Home to generations of the Davenport line, the building first housed the family of Daniel Davenport, Washington County’s first representative to the North Carolina Senate.
After his death in 1808, Davenport descendants continued to live in the structure into the 1970s, leading lives little changed from those of their ancestors nearly 200 years before. Without the convenience of either electricity or running water, the homestead’s final occupants – Harriet and Jerd Davenport – led lives of true simplicity.
Both the original home and a collection of outbuildings have been furnished with pieces that tell a visual story of life in Washington County in the years following the American Revolution.
The Davenport Homestead is located about three miles off of U.S. 64 just west of Creswell, in the community known as Mt. Tabor. It is owned and maintained by the Historical Society of Washington County.
It has been renovated by the Historical Society and several outbuildings have been added. Daniel Davenport and his family lived in the house in the late 1700’s. Daniel was Washington County’s first state senator from 1800 until 1807. Davenport Homestead: Mt Tabor Rd, Creswell (NC), 27970, For More Information: https://www.facebook.com/Davenport-Homestead-115206958582792/
Town of Plymouth
The quaint town of Plymouth is currently experiencing a resurgence as its Main Street is becoming revitalized with eateries, antique stores and retail that fits the needs of the community and those who visit.
With two bookend museums, the Port O’Plymouth Museum on one end of Water Street, with a replica of the Albemarle docked at its banks, and the Maritime Museum and a replica of the Roanoke Lighthouse No. 2 on the other end is a window shopping stroller’s delight.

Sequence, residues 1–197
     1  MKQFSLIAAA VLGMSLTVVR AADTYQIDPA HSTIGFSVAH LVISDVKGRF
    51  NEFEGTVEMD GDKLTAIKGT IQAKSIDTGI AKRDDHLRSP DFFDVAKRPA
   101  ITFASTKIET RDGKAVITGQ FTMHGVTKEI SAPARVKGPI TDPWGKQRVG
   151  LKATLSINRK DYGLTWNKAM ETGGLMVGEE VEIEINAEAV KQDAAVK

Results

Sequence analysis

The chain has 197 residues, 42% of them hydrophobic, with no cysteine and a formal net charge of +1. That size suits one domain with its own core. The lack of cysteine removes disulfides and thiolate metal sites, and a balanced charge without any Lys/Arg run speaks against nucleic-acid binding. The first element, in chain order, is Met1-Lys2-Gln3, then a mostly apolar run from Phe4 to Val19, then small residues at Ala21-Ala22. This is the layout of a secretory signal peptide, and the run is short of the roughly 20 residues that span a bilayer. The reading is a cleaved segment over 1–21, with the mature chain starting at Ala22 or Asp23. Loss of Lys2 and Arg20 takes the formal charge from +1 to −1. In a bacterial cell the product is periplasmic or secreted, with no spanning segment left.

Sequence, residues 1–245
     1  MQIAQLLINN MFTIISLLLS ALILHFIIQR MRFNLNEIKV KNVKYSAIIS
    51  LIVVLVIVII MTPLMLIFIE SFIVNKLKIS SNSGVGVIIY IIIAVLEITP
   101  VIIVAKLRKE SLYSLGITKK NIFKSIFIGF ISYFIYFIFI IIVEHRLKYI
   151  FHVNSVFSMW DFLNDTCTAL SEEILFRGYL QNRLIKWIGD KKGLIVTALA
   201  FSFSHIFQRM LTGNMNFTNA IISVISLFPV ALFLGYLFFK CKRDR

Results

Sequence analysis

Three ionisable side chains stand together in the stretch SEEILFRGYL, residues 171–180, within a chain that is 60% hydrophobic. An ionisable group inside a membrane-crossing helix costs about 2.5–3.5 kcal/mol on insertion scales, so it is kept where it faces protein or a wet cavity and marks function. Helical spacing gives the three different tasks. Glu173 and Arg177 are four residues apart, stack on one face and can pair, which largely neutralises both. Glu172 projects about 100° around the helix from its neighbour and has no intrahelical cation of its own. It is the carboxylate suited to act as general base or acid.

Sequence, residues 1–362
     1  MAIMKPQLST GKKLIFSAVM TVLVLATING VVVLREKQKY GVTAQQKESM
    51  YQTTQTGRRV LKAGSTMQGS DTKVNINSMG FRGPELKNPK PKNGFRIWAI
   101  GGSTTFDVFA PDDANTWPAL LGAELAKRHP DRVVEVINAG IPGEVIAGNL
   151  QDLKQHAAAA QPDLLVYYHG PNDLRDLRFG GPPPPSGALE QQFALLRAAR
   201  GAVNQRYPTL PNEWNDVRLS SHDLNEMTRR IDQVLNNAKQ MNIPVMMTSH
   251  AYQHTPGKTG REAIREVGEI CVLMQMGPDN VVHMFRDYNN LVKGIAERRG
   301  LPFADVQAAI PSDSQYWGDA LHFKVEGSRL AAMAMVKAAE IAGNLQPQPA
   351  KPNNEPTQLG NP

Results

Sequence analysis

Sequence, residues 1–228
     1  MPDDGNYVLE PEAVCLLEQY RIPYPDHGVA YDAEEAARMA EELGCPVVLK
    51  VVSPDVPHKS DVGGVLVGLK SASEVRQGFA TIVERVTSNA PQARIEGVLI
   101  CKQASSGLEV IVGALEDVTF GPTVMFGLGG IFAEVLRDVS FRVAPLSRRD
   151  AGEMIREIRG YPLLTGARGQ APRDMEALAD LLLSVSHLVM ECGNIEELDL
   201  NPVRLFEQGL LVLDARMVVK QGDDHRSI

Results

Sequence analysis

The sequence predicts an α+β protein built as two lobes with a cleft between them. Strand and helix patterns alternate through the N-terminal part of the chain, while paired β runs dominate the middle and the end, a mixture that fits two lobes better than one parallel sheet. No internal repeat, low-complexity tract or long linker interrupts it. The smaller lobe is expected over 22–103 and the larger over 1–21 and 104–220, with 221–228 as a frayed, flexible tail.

Located in the Inner Banks of northeastern North Carolina the town was first established in 1787 and now is the county seat.
A diverse community of 3,320 with a rich history, Plymouth used its location on the Roanoke River to become an important hub for commerce and trade.
In 1808 a federal customs house opened in Plymouth and by 1831 the United States Congress funded a lightship that was anchored at the mouth of the Roanoke River.
In 1867, the Roanoke River Lighthouse was lit to serve this purpose. A replica of the lighthouse, including a Fresnel lens, can be visited across from the Maritime Museum on the banks of the Roanoke.
With a rich Civil War history, The Port O’Plymouth Museum offers a wonderful visual overview of what took place on the banks of the river. Museum Curator Scott Liverman is quick to share his knowledge of the many artifacts on display, including a massive 30 star flag that once hung above the Federal House.
Plymouth also plays host yearly to a summer Boat Show, a Bear Festival and visitors casting a line or two.
For those in search of culinary adventures, the Riverview Cafe, (108 East Water St.) owned by Lou and Jill Manring offers a serene view of the Roanoke in the recently remodeled building.
The Riverview also offers a wide selection of local artisan crafted artwork and a selection of antiques of days past.
Down the block from the Riverview, Bistro 116, (116 E. Water St.) the creation of Chefs Daniel and Sylvie Batique offers a weekly changing menu focused on relaxed fine dining in a beautiful scenic river setting.
After dinner, guests may enjoy ice cream at the recently opened Le Rendez Vous Cafe (111 Water St.) where Batigue shares her taste for ice cream and her style with gifts and more.